at Microsoft.EntityFrameworkCore.Query.Internal.QueryBuffer.Include(QueryContext queryContext, Object entity, IReadOnlyList`1 navigationPath, IReadOnlyList`1 relatedEntitiesLoaders, Boolean queryStateManager)
   at Microsoft.EntityFrameworkCore.Query.Internal.GroupJoinInclude.GroupJoinIncludeContext.Include(Object entity)
   at Microsoft.EntityFrameworkCore.Query.Internal.GroupJoinInclude.GroupJoinIncludeContext.Include(Object entity)
   at Microsoft.EntityFrameworkCore.Query.Internal.GroupJoinInclude.GroupJoinIncludeContext.Include(Object entity)
   at Microsoft.EntityFrameworkCore.Query.Internal.GroupJoinInclude.GroupJoinIncludeContext.Include(Object entity)
   at Microsoft.EntityFrameworkCore.Query.QueryMethodProvider.<_GroupJoin>d__26`4.MoveNext()
   at System.Linq.Enumerable.<SelectManyIterator>d__165`3.MoveNext()
   at System.Linq.Enumerable.WhereSelectEnumerableIterator`2.MoveNext()
   at Microsoft.EntityFrameworkCore.Query.Internal.LinqOperatorProvider.<_TrackEntities>d__15`2.MoveNext()
   at Microsoft.EntityFrameworkCore.Query.Internal.LinqOperatorProvider.ExceptionInterceptor`1.EnumeratorExceptionInterceptor.MoveNext()
   at System.Collections.Generic.EnumerableHelpers.ToArray[T](IEnumerable`1 source, Int32& length)
   at System.Collections.Generic.EnumerableHelpers.ToArray[T](IEnumerable`1 source)
   at System.Linq.SystemCore_EnumerableDebugView`1.get_Items()

Images Below:

  1. Here is source's Results View when going through the SearchValue filter prior to the Where statement in WhereIf
  2. Here it is after that Where statement
  3. Here it's going through the AudioFilter - predicate shown.
  4. Here is the source prior to the Where statement when doing the AudioFilter - same as after the SearchValue filtering
  5. And finally, after doing the Where when doing the Audio filtering

Here is source's Results View when going through the SearchValue filter prior to the Where statement in WhereIf

Here it is after that Where statement

Here it's going through the AudioFilter - predicate shown.

Here is the source prior to the Where statement when doing the AudioFilter - same as after the SearchValue filtering

And finally, after doing the Where when doing the Audio filtering

UPDATE: This has been resolved. There was another check involving the application user that was causing a client side evaluation, that was moved and now the query works as intended.

1
0
4/12/2019 4:37:35 PM

Popular Answer

This answer's off the cuff and is a bit of guesswork on my part, so I apologize if it's not helpful.

Anyway, a couple things are standing out to me.

First, your WhereIf() function - it's not quite doing what a Where() would do. Where() takes a source and returns a second source where the recordset is winnowed down. Notably, it doesn't change the original datasource at all. Well, your WhereIf() is trying to do that - it's changing the 'source' variable that's being passed in to the function. I did some googling, and the IQueryable doesn't look like it's immutable which means it can be changed without creating a new class instance, so I'm not positive that this line of code isn't screwing up the foundation its building off of:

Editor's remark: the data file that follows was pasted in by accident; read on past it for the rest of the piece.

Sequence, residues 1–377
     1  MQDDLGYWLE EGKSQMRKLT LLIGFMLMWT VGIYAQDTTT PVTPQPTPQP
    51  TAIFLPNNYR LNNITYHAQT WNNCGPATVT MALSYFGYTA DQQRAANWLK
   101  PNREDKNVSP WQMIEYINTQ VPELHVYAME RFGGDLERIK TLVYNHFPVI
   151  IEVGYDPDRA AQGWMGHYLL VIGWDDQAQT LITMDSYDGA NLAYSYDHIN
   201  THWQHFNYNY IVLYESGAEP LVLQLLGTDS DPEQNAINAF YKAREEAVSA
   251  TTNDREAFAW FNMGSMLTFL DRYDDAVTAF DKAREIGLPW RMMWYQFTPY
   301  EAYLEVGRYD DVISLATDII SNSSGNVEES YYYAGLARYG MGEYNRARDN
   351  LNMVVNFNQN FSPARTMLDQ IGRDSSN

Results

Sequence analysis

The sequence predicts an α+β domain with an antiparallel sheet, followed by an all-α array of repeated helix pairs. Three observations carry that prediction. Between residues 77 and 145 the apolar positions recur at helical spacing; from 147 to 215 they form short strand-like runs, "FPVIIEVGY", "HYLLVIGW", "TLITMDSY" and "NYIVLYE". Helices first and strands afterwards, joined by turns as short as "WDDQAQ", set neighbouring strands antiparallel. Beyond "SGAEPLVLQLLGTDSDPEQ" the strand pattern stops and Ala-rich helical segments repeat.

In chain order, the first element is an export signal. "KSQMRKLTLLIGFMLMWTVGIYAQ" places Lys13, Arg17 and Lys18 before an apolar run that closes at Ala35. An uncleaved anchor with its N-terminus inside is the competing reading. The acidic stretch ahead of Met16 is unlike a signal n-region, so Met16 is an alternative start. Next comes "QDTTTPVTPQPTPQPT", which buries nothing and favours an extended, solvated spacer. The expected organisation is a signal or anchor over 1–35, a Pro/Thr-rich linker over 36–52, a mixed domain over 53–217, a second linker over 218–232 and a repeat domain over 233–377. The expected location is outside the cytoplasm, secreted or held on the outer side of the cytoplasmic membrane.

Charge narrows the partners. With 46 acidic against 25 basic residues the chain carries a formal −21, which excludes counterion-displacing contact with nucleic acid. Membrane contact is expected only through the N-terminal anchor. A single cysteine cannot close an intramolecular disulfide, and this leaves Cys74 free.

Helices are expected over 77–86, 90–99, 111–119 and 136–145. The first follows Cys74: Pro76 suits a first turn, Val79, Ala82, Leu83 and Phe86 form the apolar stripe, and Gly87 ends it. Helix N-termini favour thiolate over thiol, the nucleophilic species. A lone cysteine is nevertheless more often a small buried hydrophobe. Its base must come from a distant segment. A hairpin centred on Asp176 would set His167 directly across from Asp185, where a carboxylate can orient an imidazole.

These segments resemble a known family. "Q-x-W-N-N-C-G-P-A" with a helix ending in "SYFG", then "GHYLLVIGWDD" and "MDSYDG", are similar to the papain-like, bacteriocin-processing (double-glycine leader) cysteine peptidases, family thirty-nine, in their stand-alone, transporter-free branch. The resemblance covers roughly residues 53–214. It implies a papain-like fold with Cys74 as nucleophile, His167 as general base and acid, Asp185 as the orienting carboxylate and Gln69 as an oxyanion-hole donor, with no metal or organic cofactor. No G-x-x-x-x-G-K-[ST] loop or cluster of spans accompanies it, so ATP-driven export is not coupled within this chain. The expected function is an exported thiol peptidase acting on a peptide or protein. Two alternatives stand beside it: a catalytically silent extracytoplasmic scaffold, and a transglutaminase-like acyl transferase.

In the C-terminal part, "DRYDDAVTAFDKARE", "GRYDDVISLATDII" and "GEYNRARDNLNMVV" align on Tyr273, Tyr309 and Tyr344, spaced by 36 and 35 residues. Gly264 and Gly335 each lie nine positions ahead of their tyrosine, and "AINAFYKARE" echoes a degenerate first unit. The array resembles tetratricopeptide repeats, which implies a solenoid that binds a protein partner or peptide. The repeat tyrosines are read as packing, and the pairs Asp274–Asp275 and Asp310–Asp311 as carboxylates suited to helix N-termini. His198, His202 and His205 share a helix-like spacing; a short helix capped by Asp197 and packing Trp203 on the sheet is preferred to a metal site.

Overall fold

source = source.Where(predicate);

... it would explain the results you're getting. The first 'WhereIf' with a true condition works, but the subsequent one doesn't - because the first one messed with the base object it was working off of. At the very least, you should change it to 'return source.Where(predicate)', simply for code clarity (since your existing code makes it look like its trying to change it.)

Second, have you tried breaking the statement up? I mean, something like this:

var results = SomeLinq.SomeStatement(a => something(a))
        .Where(b => b == something)
        .Where(c => c == something)

... is the same thing as:

var mainQueryable = SomeLinq.SomeStatement(a => something(a));
var filtered = mainQueryable.Where(b => b == something);
var results = filtered.Where(c => c == something);

Which in turn would let you simplify the picture down for LINQ:

IQueryable<Film> films = _context.Films
    .Include(f => f.Media)
    .Include(f=> f.Audio)
    .Include(f => f.FilmGenres)
    .ThenInclude(fg => fg.Genre);
if (!string.IsNullOrEmpty(vm.SearchValue)) films = films.Where(f => f.Equals(vm.SearchValue, StringComparison.OrdinalIgnoreCase);
if (!string.IsNullOrEmpty(vm.MediaFilter)) films = films.Where(f => f.Media.Name == vm.MediaFilter);
// etc...

... so the final LINQ statement doesn't have superfluous WHERE clauses that don't actually filter anything down.

Anyway, hope these help out a bit.

0
4/11/2019 2:08:30 PM